In this process, the development of (first) sulfas and (then) penicillin marks a breakthrough. Infectious diseases that seemed to be untreatable, can suddenly be cured. A new era seems to have begun. Progress in our times! And this breakthrough has its parallels. In insect control, a similar process develops. DDT seems to be a miracle agent. The substance can kill vermin. As it seems, mankind is at the brink of an era without infections. The 1944 invasion in Normandy would not have been successful without the contribution of DDT, that kills the insects in ample supply.
Between 1945 and 1970, the miraculous substances penicillin and DDT seem to mark the beginning of a new era. But disappointment comes, and limits appear, rather quickly. In the case of DDT, insects develop resistance; they are no longer killed by the insecticide. As a matter of fact, in the beginning DDT does kill most insects; but the few that survive have better resistance towards the insecticide. Ultimately, an offspring develops that can hardly be controlled by DDT (for instance), and mankind therefore needs to develop stronger insecticides. Moreover, the substance kills ‘higher’ animal species as well, like birds, if they eat insects. For the substance doesn’t break down in the body and therefore heaps up. A process compellingly described by Rachel Carson in her book silent Spring.
The same mechanism pops up in the use of penicillin. Strains of resistant bacteria develop, that in the end render the product ineffective. Particularly in locations where the medicine is much used, like in hospitals. The phenomenon of resistance shows mankind’s limited power.
The change comes in the ’70s of the 20th century, an era of major developments. Belief in progress wanes. A process that comes from both sides. From the outside: the world cannot be engineered – testified to by the newly discovered phenomenon of resistance. And from the inside, because the concept of progress as such is being questioned. Optimism goes, scepticism and even pessimism come. Economic growth cannot go on forever. It is the time in which Western youths rebel. They have lost the belief in continuous progress – at any rate by more wealth.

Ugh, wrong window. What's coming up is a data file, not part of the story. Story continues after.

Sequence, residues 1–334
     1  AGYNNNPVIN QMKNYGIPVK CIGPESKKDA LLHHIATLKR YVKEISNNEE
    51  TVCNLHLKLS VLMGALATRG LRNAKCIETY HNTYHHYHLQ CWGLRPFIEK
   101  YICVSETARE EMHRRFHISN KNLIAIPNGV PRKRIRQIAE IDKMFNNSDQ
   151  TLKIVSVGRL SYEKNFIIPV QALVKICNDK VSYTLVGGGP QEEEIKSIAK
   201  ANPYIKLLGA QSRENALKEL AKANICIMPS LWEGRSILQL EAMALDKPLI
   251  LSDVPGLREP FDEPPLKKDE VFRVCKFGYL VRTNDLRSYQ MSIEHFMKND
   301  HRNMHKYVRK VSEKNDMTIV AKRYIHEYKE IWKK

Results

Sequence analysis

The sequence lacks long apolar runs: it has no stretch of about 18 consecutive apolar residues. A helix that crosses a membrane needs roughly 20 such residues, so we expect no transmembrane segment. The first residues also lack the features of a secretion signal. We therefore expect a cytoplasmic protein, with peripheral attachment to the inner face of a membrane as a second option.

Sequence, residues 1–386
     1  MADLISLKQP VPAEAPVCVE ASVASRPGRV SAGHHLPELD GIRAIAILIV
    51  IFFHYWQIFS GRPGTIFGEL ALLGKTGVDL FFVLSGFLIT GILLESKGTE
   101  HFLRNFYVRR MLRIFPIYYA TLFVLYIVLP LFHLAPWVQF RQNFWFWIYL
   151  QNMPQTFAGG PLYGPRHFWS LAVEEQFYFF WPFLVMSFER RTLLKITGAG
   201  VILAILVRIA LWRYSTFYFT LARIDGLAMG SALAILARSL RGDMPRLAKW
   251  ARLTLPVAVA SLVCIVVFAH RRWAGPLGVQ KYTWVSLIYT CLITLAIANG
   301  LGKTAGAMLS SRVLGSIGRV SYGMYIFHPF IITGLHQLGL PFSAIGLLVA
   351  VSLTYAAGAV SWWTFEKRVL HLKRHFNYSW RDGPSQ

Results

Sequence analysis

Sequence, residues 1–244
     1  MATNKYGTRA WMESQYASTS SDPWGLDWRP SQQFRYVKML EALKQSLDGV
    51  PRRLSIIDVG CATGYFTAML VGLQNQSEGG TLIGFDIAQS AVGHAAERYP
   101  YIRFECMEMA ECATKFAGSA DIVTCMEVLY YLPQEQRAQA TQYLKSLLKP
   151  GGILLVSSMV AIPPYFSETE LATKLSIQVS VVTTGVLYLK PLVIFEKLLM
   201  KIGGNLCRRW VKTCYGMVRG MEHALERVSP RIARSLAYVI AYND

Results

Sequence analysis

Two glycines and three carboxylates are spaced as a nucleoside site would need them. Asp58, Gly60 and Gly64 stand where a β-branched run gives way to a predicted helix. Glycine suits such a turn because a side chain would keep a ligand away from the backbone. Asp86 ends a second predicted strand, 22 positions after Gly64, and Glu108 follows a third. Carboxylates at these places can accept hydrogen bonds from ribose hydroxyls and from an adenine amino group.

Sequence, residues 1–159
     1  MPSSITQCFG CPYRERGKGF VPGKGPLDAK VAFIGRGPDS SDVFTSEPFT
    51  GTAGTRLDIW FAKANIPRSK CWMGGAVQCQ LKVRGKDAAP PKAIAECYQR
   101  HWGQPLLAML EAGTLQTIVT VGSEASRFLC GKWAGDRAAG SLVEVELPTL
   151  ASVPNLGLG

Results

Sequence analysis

The ‘70s mark a turning point in Western history. Belief in progress now makes way for a much more sceptical view. After an era in which problems were there to be solved, now people take a much more sceptical stand. ‘Maybe solutions don’t exist, and then muddling through is the best we can do. Going on from remedy to remedy for the time being, knowing that the search for solutions has its limits.’ Those who adhere to the belief in progress are now more and more being perceived as seducers to unnecessary consumption.
Control of toxic organisms is a clear example of this new attitude. We run into limits: our remedies become less effective all the time, we need to look for new medicines continuously. We often promise more than we can deliver. Living nature develops resistance. A consequence that we cannot evade. systems theory leads us to the same outcome: systems are characterized by feedbacks, and therefore the uninhibited pursuit of one strategy will always meet its limits. A consequence we can only evade by pursuing a different strategy from time to time.
In the end, we develop a new view of reality. We don’t look upon solutions as being final anymore. Rather we know that each ‘solution’ will meet its limits; in the end it will turn out to be the gateway to new problems. We will always find solutions; even though we haven’t yet quite internalized the idea that these will always be temporal.